Processing of healthcare data on the basis of a patient’s consent is subject to strict requirements, Articles 9 para. 1, 4 para 11 GDPR. The consent must be freely given, specific, informed and unambiguous. It must cover all processing activities carried out for the same purpose or purposes and where processing has multiple purposes, consent must be given for all of them. Therefore, a general broad consent to unspecified processing operations is usually invalid. As a result, it is challenging to obtain valid consent for the collection and usage of healthcare data: Due to the complexity of usage in the medical sector, lengthy explanations are often necessary, which may cast doubt on sufficient transparency. Further, later changes of the purpose of processing (e.g., processing of information in an EHR for a new application) cannot be covered in advance.
It is, however, worth noting that the requirement for consents to be specific is a little less strict when it comes to data processing for scientific research. Such consents are considered valid so long as they cover certain areas of research (rather than specific purposes). This is tribute to the fact that it is often not possible to fully identify the purposes of data processing for scientific research purposes at the time of data collection. This principle has now been acknowledged in Recital 33 of the GDPR. Further, there are certain statutory justifications for the processing sensitive personal data foreseen in Article 9 GDPR (hereto please see below).
Data protection law is not applicable to data rendered anonymous in such a way that the data subject is no longer identifiable. Therefore, anonymized data may be used without the restrictions of data protection law. While anonymization preserves existing data sets, it is an irreversible process that removes the ability to identify the data subjects, and is therefore only an option where reference to such persons is not required for any use of the data, in particular for merely statistical or research purposes.
Further, the threshold for anonymization under EU data protection law is very high. Data can only be considered anonymous if re-identification is not possible or impractical, taking into account all means reasonably likely to be used, either by the person or entity that has anonymized the data, or by any third party. Such means include “the available technology at the time of the processing and technological developments”, Recital 26 of the GDPR. As a result of the rapid technological development and the growing number of entities collecting data and combining data bases, it becomes increasingly difficult to achieve anonymization.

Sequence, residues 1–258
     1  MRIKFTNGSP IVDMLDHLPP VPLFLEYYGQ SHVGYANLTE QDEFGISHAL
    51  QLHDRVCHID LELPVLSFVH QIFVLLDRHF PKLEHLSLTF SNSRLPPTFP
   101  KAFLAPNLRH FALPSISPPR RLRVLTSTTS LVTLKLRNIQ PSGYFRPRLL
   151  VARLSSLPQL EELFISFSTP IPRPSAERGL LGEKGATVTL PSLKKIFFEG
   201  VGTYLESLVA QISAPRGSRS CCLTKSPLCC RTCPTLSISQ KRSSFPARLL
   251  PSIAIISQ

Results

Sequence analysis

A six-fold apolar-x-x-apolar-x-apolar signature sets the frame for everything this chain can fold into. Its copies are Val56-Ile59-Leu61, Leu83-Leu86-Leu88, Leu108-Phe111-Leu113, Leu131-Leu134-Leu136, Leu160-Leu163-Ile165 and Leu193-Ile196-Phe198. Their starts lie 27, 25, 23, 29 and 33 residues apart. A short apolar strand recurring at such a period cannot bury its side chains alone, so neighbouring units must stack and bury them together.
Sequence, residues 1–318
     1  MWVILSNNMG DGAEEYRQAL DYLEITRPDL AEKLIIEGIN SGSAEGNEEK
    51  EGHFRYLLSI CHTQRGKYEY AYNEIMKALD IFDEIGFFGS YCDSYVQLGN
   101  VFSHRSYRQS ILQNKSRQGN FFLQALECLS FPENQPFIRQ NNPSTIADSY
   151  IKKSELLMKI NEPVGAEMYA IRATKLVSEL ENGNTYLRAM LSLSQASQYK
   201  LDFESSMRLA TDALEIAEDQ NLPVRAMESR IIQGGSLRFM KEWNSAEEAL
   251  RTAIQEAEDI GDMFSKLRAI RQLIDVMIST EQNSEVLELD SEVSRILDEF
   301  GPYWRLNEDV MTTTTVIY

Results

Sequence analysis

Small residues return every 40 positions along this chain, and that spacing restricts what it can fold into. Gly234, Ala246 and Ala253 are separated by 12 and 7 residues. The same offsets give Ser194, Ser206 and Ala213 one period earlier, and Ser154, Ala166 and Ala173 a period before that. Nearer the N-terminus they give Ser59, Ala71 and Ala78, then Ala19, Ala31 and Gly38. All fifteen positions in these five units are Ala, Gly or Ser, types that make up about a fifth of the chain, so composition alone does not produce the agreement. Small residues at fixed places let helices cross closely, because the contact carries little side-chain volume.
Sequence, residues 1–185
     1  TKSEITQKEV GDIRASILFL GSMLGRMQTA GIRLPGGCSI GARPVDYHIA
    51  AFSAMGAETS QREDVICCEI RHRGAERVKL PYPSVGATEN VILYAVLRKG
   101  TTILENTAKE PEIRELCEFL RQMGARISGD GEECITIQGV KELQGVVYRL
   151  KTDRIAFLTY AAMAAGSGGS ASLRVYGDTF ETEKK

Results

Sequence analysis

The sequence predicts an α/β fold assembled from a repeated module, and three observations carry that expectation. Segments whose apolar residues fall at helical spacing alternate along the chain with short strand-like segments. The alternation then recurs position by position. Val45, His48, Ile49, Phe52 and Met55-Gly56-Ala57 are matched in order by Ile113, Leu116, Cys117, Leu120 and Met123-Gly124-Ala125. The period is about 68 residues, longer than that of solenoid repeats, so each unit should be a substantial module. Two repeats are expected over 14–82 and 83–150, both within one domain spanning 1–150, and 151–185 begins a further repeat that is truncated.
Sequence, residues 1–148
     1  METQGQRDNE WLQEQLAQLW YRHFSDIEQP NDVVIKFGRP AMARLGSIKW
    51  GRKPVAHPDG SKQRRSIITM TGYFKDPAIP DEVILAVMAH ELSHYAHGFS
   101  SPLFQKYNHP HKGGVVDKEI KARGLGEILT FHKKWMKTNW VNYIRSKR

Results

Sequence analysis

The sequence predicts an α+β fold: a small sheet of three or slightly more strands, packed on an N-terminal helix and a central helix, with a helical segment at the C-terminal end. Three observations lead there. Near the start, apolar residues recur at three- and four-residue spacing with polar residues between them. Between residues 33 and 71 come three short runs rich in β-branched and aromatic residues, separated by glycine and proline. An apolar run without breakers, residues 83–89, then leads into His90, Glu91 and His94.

Impact of the GDPR on the healthcare sector
In addition to the general requirements involved with the implementation of the GDPR, it is important for processors of health data to reflect the applicable specific rules, including those in Article 9 GDPR.
Other than a particular framework for consent, the article contains certain statutory justifications for data processing. Hence, an organization does not need to rely on consent and is permitted to collect and use health data if the processing is necessary for the purposes of preventive or occupational medicine, medical diagnosis, provision of health or social care or treatment, management of health or social care systems and services, under a contract with a health professional or another person subject to professional secrecy under law (the ‘medical care’ ground). Additionally, consent is not required if the processing is necessary in the public interest for public health reasons (the ‘public health’ ground), or if the organization can argue that the processing is necessary for scientific research.
It is therefore recommended that processors of health data review their business practices in light of these statutory justifications and tailor them to comply with justifications, where appropriate.
Any Questions? Please Contact: Dr Torsten Kraul
Practice Group: IT, Outsourcing & Data Privacy, Healthcare